# Is $MA(\infty)$ process invertible?

Let us say $X_t = \sum_{i=0}^{\infty}\phi_j Z_{t-i}$, where $Z$ is white noise.

Is $MA(\infty)$ process invertible?

I don't know how to show this, because $\theta(z) = 1 + \phi_1 z + \phi_2 z^2 +...$ is infinite.

If this process is invertible it can be shown that $\theta(z)\neq 0$ for $|z|\leq 1$.

• After writing more than half of the answer I realized that the question may come from class exercise. However I did not want to waste my effort, so the result is much more detailed answer, than it should have been otherwise. Apr 13, 2015 at 12:24

The following statement is very useful.

Suppose $\{Z_j, j\in \mathbb{Z}\}$ is a time series. Then if $\sup_jE|Z_j|<\infty$ and $\sum_{j}|\psi_j|<\infty$, then $X_t=\sum_j\psi_jZ_{t-j}$ converges absolutely, almost surely and in mean. If $Z_j$ is stationary, then $X_t$ is stationary too.

$MA(\infty)$ process is invertible if there exists such a set of coefficients $\alpha_j$, such that

$$\sum_{j=0}^\infty \alpha_j X_{t-j}=Z_t,$$

and

$$\sum_{j=0}|\alpha_j|<\infty.$$

If we employ the backwards operator $B$ ($BX_t=X_{t-1}$), the requirement translates to

$$\alpha(B)\theta(B)=1,$$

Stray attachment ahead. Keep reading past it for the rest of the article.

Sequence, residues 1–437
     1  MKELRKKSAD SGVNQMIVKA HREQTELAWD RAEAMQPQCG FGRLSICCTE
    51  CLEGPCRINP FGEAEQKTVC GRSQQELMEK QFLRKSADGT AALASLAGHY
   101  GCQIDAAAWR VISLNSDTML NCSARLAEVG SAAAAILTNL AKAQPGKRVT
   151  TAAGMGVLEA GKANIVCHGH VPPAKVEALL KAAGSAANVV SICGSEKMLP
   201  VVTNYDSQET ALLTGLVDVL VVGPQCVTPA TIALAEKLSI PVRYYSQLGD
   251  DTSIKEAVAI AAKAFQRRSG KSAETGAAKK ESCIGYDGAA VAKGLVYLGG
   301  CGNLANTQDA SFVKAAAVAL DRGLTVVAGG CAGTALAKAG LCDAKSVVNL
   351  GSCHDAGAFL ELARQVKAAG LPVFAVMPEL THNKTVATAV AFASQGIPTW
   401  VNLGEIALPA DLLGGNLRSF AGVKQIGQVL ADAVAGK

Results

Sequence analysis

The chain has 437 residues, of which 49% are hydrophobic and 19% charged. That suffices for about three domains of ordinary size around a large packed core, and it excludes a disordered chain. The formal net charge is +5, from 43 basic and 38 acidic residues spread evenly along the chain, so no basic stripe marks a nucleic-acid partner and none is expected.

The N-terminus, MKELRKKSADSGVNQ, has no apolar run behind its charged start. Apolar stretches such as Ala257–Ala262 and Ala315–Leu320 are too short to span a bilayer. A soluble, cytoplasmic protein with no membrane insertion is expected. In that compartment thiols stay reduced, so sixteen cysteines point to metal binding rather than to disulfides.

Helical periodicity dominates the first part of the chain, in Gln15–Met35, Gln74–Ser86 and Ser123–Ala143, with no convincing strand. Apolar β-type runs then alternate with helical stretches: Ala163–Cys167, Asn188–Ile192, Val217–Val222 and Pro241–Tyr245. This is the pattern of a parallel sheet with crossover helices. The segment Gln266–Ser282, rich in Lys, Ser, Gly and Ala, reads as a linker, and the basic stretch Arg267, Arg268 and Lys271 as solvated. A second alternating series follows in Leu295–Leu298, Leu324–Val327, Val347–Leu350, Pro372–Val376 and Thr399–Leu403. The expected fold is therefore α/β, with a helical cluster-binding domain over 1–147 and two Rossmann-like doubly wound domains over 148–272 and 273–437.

where $\alpha(B)=\sum_{j=0}^\infty\alpha_jB^j$ and $\theta(B)=\sum_{j=0}^\infty \phi_jB^j$. (Here I used the notation from the question).

Now we can employ the trick where we exchange $B$ with $z\in \mathbb{C}$. We can do that because of the definition of multiplication of power series. This change however gives us another way of looking at the problem. The power series $\theta(z)=\sum_{j=0}\theta_jz^j$ is Laurent series with no negative powers of $z$ and $\sum_{j=0}|\theta_j|<\infty$, hence it is analytic in a neighborhood of a disc $|z|\le 1$.

Having established that $\theta(z)$ is analytic we can turn our attention to $\alpha(z)$. We have that

$$\alpha(z)=\frac{1}{\theta(z)}.$$

So $\alpha(z)$ is analytic whenever $\theta(z)\neq 0$, so it is analytic in a neighborhood of a disc $|z|\le 1$. However we need that $\sum_{j=0}^\infty|\alpha_j|<\infty$ which means that we need $\alpha(z)$ to be analytic in $|z|<R$, where $R>1$. This can only happen if $\theta(z)\neq 0$ for $|z|\le 1$.